Evolocumab may reduce likelihood of future revascularization in established ASCVD
Evolocumab, a PCSK9 inhibitor, in addition to statin therapy for stable atherosclerotic CVD may lower risk for future revascularization with PCI or CABG, according to findings published in the Journal of the American College of Cardiology.
As Healio previously reported, in the main results of the FOURIER trial, LDL lowering to a median of 30 mg/dL with evolocumab (Repatha, Amgen) in ASCVD was associated with lower risk for CV events.
FOURIER was a randomized trial of evolocumab compared with placebo in 27,564 patients with stable ASCVD on statin therapy.
“This analysis from the FOURIER trial shows that adding evolocumab to statin therapy in patients with established ASCVD reduces the risk of developing complex coronary artery disease requiring revascularization, including complex PCI and CABG individually,” Kazuma Oyama, MD, PhD, clinical research fellow in the division of cardiovascular medicine at Brigham and Women’s Hospital, and colleagues wrote. “The benefits of evolocumab tended to increase over time and were consistent across key subgroups, including LDL-C concentration and high-intensity statin use at baseline.”
For this analysis, researchers studied the ability of evolocumab to reduce risk for complex coronary atherosclerosis requiring revascularization. Complex revascularization was a composite of complex PCI, defined as multivessel PCI, at least three stents, at least three lesions treated, bifurcation PCI and/or total stent length greater than 60 mm, or CABG.
Risk reduction with evolocumab
Overall, 1,724 patients underwent coronary revascularization, of which 37% were considered complex. Of these, 17% underwent CABG only; 19% underwent PCI only; and approximately 64% underwent both.
Researchers observed that among patients with stable ASCVD, evolocumab reduced the risk for:
- any coronary revascularization by 22% (HR = 0.78; 95% CI, 0.71-0.86; P < .001);
- simple PCI by 22% (HR = 0.78; 95% CI, 0.7-0.88; P < .001);
- complex PCI by 33% (HR = 0.67; 95% CI, 0.54-0.84; P < .001);
- CABG by 24% (HR = 0.76; 95% CI, 0.6-0.96; P = .019); and
- complex revascularization by 29% (HR = 0.71; 95% CI, 0.61-0.84; P < .001).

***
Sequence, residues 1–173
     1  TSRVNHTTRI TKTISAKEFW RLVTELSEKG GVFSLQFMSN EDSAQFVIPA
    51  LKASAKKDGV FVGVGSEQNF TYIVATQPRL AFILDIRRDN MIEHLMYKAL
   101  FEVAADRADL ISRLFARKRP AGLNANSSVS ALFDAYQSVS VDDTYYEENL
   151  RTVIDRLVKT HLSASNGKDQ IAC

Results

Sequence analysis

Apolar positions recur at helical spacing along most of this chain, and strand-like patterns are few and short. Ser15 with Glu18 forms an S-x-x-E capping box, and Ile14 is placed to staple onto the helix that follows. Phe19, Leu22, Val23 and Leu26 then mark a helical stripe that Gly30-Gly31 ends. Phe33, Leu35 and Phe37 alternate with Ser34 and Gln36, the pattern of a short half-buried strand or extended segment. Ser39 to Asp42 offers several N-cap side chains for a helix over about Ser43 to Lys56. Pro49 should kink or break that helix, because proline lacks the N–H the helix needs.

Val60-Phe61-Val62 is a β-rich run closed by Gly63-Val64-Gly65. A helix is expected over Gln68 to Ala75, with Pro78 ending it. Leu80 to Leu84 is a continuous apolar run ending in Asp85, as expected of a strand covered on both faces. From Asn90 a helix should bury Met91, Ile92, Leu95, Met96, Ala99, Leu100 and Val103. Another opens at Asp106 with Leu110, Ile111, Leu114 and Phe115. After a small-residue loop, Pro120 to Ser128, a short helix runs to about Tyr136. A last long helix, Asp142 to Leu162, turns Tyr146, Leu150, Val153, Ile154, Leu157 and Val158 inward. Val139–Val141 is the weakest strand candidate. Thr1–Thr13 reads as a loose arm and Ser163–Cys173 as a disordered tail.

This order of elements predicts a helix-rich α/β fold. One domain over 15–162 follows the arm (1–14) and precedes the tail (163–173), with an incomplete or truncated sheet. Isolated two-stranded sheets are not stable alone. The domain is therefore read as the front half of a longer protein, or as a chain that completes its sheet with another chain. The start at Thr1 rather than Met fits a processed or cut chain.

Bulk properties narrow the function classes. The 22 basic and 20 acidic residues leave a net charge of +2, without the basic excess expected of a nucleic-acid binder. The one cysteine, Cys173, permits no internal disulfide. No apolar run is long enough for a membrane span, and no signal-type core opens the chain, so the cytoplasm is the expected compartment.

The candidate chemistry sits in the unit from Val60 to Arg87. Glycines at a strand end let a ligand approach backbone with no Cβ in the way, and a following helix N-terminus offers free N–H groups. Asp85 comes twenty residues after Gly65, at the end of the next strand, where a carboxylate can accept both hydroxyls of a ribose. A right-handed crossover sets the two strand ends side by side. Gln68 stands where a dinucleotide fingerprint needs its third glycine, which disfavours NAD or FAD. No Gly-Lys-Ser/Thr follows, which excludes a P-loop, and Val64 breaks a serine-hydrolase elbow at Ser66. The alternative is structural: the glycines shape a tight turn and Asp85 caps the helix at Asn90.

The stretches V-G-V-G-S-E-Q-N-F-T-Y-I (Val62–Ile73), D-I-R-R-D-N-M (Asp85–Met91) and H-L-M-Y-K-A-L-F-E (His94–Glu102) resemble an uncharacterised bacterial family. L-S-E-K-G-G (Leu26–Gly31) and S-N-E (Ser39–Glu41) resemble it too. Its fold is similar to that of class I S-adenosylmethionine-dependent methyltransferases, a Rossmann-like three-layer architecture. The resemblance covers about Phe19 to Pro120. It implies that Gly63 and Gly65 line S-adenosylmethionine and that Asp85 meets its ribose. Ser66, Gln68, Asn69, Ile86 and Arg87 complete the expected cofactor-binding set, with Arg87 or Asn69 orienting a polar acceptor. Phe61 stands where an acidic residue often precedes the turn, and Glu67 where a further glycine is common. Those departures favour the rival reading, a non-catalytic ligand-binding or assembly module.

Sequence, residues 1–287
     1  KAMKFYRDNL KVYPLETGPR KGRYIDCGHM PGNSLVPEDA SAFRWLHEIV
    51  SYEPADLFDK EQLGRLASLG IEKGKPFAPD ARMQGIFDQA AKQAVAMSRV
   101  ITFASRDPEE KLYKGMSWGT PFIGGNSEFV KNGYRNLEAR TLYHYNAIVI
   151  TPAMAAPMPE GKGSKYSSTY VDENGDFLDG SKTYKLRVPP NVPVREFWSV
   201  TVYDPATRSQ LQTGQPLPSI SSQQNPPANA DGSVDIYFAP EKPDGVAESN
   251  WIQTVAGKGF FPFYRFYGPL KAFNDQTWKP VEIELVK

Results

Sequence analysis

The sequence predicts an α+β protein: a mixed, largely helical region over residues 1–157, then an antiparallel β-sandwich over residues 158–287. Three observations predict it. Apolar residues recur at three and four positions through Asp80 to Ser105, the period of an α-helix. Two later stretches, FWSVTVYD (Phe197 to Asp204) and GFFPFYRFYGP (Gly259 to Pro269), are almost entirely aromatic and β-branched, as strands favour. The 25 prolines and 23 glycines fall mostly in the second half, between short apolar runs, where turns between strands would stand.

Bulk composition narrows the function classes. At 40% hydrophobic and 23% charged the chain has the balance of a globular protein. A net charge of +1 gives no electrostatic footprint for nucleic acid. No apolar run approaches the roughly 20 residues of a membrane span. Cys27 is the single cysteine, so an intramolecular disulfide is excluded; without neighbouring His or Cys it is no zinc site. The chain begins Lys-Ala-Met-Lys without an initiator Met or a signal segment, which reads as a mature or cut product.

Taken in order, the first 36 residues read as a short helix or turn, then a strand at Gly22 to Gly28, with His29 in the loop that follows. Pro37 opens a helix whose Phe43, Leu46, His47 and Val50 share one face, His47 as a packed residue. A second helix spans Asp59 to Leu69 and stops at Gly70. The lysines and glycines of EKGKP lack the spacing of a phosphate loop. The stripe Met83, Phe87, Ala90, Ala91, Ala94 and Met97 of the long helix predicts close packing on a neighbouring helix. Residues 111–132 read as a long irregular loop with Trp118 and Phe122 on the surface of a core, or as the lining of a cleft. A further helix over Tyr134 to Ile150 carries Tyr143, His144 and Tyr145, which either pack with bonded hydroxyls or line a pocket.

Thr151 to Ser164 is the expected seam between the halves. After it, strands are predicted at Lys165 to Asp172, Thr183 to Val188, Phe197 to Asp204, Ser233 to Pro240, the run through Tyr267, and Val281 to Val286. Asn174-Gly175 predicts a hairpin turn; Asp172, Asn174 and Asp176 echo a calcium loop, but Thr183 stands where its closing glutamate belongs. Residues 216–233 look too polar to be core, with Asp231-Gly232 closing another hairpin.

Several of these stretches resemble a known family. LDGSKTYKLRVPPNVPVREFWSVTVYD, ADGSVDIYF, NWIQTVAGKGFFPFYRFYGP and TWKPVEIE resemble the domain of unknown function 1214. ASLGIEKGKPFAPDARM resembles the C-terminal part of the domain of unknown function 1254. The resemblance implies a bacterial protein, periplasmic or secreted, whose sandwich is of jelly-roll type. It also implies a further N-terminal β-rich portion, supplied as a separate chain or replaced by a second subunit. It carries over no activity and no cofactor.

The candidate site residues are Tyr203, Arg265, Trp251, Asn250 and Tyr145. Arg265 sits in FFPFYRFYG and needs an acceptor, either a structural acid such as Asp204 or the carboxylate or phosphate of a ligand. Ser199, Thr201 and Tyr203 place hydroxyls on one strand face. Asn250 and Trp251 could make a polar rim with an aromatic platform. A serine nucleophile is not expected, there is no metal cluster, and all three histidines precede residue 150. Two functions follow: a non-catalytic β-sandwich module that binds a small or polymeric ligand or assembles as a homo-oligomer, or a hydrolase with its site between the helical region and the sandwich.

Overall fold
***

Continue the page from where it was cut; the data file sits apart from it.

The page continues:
Moreover, the magnitude of risk reduction for complex revascularization increased over time, from 20% in the first year (HR = 0.8; 95% CI, 0.64-0.99) to 36% in the second year (HR = 0.64; 95% CI, 0.49-0.84) and 41% beyond the second year (HR = 0.59; 95% CI, 0.37-0.96).
“The present findings further the understanding of the clinical impact of PCSK9 inhibition,” the researchers wrote. “The greatest reductions observed here with evolocumab were for the most complex revascularization procedures, indicating what appears to be a shift with evolocumab from more complex revascularization procedures toward simple PCI or no revascularization at all.”
According to the study, the association between evolocumab and reduced risk for coronary revascularization and complex revascularization was consistent across subgroups, including those based on age (P = .47), sex (P = .73), race (P = .69), diabetes (P = .26), prior coronary revascularization (P = .44), estimated glomerular filtration rate (P = .23), baseline LDL (P = .6) and statin intensity at baseline (P = .48).
“While the FOURIER and ODYSSEY OUTCOMES trials demonstrated the important effects of PCSK9 inhibitors on MI and coronary revascularization events broadly, there has so far been no examination of the coronary anatomical complexity or atherosclerosis burden at the time of revascularization in these patients,” Brian A. Bergmark, MD, FACC, FSCAI, investigator in the TIMI study group and interventional cardiologist in the complex coronary and CTO program at Brigham and Women's Hospital, told Healio. “We observed that in this modern cohort of patients with established atherosclerosis there was a quite high degree of coronary complexity at the time of revascularization, with left main disease present in 12%, proximal LAD disease in 36%, at least one chronic total occlusion in 36% and in-stent restenosis in 27%.
“There are important limitations, of course, including having anatomical data only available for patients who underwent revascularization and relying on clinical documentation rather than core laboratory angiographic assessment,” Bergmark said in an interview. “It would be helpful moving forward to further understand which patients are most at risk for these types of revascularization events and who derives the most clinical benefit from medical intervention.”
‘Sooner is better’
“An intriguing finding by Oyama et al was that the degree of risk reduction for complex revascularization associated with PCSK9 inhibitor treatment increased as follow-up progressed,” E. Magnus Ohman, MD, and Michael G. Nanna, MD, MHS, interventional cardiologists at the Duke Clinical Research Institute, wrote in a related editorial. “Beyond 2 years of follow-up, the risk reduction associated with PCSK9 inhibitor use reached an impressive 41% decrease in complex revascularization. This coupled with the numerically lower PCI complication rate among those assigned to evolocumab ... suggests that a ‘sooner is better’ approach may be optimal for initiation of PCSK9 inhibitors, even potentially before PCI.
“We may have finally married aggressive lipid-lowering management with revascularization, where LDL-C < 70 mg/dL should be considered the ‘norm’ as soon as possible after the onset of ACS,” Ohman and Nanna wrote.
For more information:
Brian A. Bergmark, MD, FACC, FSCAI, can be reached at firstname.lastname@example.org.